Here are some other ways to find other people with similar interests to you:
Here are some ways to find creative activities;
Volunteering is another way to meet people and learn new skills. Find out more from Volunteering Victoria.
All humans need companionship and intimacy. Challenges with social interaction can make it difficult for autistic individuals to find a partner and to have a romantic relationship – but it is possible.
Autistic individuals have some positive characteristics that are important assets in a relationship, such as loyalty, reliability, honesty, commitment and punctuality.
Apart from social difficulties, those characteristics that make romantic relationships difficult include sensory problems, understanding expected behaviour, understanding the other person’s reactions and intentions, controlling anxiety and being flexible.
Autistic individuals can improve their abilities in these areas by becoming aware of what is expected of them, although this may not come naturally.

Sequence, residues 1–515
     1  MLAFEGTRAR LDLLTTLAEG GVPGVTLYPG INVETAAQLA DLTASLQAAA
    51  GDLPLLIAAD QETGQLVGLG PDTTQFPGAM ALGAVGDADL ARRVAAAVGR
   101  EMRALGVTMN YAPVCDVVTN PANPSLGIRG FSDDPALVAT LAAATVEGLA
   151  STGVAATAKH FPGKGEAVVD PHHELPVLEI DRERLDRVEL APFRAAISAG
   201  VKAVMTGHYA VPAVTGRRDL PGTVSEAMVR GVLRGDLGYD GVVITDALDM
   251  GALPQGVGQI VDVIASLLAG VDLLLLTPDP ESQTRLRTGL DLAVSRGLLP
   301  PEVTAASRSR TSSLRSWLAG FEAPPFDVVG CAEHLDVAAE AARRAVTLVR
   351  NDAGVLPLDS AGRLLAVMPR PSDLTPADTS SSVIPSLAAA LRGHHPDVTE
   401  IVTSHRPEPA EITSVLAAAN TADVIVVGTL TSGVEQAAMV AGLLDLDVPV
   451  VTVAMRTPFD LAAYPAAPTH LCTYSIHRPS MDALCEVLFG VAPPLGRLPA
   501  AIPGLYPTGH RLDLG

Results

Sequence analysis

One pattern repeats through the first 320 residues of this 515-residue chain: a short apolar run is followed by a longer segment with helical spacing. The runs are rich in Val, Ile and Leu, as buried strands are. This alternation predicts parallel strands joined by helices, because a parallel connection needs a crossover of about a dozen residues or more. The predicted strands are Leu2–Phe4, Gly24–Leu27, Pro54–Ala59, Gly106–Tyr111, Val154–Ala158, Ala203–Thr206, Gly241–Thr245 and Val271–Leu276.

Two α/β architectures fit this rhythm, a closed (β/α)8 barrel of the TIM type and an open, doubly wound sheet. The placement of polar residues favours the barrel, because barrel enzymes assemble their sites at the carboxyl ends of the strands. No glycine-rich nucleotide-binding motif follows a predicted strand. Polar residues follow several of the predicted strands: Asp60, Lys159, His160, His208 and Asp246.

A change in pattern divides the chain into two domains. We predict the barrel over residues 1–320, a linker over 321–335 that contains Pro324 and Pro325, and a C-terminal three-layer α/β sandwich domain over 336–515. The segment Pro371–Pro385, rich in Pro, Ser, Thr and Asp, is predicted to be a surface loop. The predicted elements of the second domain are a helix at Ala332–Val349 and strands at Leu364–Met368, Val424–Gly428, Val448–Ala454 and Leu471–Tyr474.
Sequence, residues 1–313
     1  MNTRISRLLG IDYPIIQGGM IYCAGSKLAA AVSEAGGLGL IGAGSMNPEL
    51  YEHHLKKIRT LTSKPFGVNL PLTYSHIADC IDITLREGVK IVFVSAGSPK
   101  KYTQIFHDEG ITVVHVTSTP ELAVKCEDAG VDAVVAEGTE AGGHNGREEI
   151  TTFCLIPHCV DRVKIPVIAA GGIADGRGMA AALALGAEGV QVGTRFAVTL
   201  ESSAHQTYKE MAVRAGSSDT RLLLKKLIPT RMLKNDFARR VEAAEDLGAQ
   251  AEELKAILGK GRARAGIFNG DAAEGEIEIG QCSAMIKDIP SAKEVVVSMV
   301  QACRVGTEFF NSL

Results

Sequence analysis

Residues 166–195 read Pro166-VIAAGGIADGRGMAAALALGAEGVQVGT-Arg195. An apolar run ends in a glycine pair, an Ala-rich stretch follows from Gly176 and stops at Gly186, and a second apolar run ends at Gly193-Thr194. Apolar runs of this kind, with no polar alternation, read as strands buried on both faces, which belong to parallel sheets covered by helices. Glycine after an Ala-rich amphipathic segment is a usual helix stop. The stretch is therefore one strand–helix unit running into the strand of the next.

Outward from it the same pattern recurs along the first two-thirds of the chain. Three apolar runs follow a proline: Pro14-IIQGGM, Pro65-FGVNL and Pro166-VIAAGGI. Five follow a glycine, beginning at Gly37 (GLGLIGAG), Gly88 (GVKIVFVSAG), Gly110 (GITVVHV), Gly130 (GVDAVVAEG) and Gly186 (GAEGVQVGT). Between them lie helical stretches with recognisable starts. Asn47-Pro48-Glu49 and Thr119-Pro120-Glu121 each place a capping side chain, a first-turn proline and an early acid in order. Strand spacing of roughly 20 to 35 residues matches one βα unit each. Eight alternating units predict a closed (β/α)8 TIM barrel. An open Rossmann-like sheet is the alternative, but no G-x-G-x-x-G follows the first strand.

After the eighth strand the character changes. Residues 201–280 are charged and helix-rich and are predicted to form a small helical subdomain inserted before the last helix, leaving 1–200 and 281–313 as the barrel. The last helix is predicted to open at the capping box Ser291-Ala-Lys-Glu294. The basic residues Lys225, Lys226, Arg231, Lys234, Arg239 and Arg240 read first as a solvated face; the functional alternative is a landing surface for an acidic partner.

The Office of the Public Advocate (OPA) promotes the ‘rights, interests and dignity of people with a disability’ providing guardianship and advocacy services. Call 1300 309 337 for advice on adult rights, powers of attorney, guardianship and more.
If you are an NDIS participant or aged over 65 and require significant daily support you may be eligible to transition to, or access, My Aged Care. This is the starting point to access Australian Government funded services. Call 1800 200 422 for more information.
Sometimes it can be difficult for an autistic individual to have their voice when navigating the system. There are many types of advocates that specialise in different fields, such as children, funding, legal and regional.
Please contact the Amaze Autism Connect advisors on 1300 308 699 or email email@example.com to find an advocate who can best support your needs.
Contact the Amaze Autism Connect advisors on 1300 308 699, email firstname.lastname@example.org or use the webchat on this site. This service is open from 8am–7pm, Monday to Friday (excluding public holidays).
You might also find these resources helpful: